Mid Mountains Legal Blog

What is a deed of family arrangement in NSW?

Anthony Steel

A deed of family arrangement is a document that legally changes the way a deceased person’s assets are divided amongst beneficiaries. It can either change the terms of a Will or change the distribution of a deceased person’s assets if there is no Will (under the rules of intestacy).

It can also provide the legal personal representative of the estate (the executor or administrator) with protection from any future claims.

For a deed of family arrangement to be valid, it must be:

  1. signed by the legal personal representative; and
  2. signed by and have the consent of all the beneficiaries (over 18 years of age) entitled under the original will or the rules of intestacy.

When would I need a deed of family arrangement?

The circumstances in which a deed of family arrangement may be useful include:

  1. When the beneficiaries wish to change the terms of the Will.

A deceased person’s Will may sometimes need to be changed to suit the beneficiaries’ circumstances. A deed of family arrangement allows the beneficiaries to change the distribution of assets to better suit their needs.

Examples include:-

  1. if the Will is decades old and does not take into account subsequent births and deaths; or if the person entitled to inherit most of the assets may wish to pass their share on to other beneficiaries in the Will; and
    1. if the beneficiaries are unhappy with how the ‘intestacy rules’ would distribute an intestate estate.

When someone dies without a Will, the distribution of their assets is determined by a formula set out in the Succession Act 2006 (the rules of intestacy).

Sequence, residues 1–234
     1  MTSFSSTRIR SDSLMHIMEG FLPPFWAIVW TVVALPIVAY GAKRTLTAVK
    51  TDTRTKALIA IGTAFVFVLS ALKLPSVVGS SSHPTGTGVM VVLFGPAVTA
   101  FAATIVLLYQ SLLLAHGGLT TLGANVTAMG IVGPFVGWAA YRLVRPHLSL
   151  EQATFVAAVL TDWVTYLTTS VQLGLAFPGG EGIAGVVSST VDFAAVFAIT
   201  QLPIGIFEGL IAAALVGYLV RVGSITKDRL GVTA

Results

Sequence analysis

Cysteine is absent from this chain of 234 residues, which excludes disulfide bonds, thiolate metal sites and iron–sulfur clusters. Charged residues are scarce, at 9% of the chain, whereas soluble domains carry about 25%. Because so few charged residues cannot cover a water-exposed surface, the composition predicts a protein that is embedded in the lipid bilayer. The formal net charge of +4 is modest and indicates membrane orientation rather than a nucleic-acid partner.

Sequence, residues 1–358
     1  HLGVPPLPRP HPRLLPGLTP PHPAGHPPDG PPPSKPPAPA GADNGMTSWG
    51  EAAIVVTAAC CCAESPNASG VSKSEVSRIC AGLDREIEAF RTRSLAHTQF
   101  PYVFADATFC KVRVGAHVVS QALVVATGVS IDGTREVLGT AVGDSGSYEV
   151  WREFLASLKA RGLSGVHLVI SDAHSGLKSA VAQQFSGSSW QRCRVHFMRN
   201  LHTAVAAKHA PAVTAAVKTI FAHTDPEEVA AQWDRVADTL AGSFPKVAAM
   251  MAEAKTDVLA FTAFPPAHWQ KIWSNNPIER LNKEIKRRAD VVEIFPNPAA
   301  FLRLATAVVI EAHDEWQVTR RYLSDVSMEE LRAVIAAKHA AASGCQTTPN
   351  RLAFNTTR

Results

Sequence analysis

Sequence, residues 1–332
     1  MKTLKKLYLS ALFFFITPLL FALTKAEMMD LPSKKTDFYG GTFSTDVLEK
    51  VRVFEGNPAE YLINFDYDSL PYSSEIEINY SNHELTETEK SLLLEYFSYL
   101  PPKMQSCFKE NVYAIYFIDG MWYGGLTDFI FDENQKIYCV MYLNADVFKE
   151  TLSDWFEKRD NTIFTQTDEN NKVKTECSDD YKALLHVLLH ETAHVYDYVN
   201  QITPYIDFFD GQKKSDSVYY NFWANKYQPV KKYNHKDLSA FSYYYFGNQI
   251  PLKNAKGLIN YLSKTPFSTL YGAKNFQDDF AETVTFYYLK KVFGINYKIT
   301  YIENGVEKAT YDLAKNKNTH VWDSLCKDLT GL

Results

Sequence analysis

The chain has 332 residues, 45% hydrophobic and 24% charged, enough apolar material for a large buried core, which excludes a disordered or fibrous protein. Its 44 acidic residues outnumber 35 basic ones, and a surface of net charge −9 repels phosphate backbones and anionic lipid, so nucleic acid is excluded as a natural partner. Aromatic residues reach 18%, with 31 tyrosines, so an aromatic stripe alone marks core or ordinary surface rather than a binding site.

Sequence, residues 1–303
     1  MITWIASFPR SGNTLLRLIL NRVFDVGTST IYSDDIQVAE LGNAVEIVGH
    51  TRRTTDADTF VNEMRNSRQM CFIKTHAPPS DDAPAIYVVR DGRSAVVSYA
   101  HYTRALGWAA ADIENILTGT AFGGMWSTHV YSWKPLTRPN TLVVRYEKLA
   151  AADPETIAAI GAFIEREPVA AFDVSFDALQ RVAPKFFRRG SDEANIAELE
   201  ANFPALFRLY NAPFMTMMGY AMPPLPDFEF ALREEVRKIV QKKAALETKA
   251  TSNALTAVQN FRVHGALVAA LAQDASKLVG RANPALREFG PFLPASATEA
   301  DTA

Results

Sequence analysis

In NSW, the deceased’s spouse’s entitlement includes money from the estate gifted to the spouse. (a ‘CPI adjusted legacy’, currently $350,000 adjusted by the CPI). The spouse is automatically entitled to this, regardless of how much the estate is worth.

If the deceased had adult children with families of their own, a deed of family arrangement could be used to reach an agreement where all of the deceased’s immediate family could be left something.

  • When an ‘eligible person’ wishes to challenge a Will

If a spouse, child, former spouse or a dependent has not received anything or feels that they have not received enough from a deceased relative’s Will, they may be able to launch a family provision claim in court. A family provision claim can take years to resolve and can be extremely expensive.

A deed of family arrangement can avoid court proceedings by allowing the aggrieved people together with the other beneficiaries to design a new plan for the distribution of the assets that everyone is happy with.

When can a deed of family arrangement not be used?

A deed of family arrangement cannot be used to reduce the entitlement of someone under 18 years, or for a person lacking mental capacity (e.g. with an intellectual disability): this would require a Court order.

Capital Gains Tax (CGT) Considerations:

Section s128.20 of the Income Tax Assessment Act 1997 (Cth) exempts the passing of an asset to a beneficiary of a deceased estate from payment of capital gains tax (CGT).

A deed of family arrangement is covered by this exemption only if it is used to settle a claim to participate in the estate (such as a family provision claim). If the deed does not meet the requirements of the ATO ruling TR 2006/14, CGT may apply.

Transfer/Stamp Duty:

There may also be stamp duty issues to consider when writing a deed of family arrangement.

Generally, an asset from an estate is either exempt from stamp duty, or the duty payable is very low (e.g. $100 in NSW from 1.2.24).

In NSW, stamp duty liability as a consequence of transferring assets using a deed of family arrangement is only on the amount by which those assets exceed the value of assets the beneficiary would have received under the Will or intestacy rules. (s63 of the Duties Act 1997 (NSW))


There are several procedural requirements for a deed of family arrangement and its use will be on a case by case basis. If you think a deed of family arrangement would benefit you, please do not hesitate to contact us to discuss your situation.

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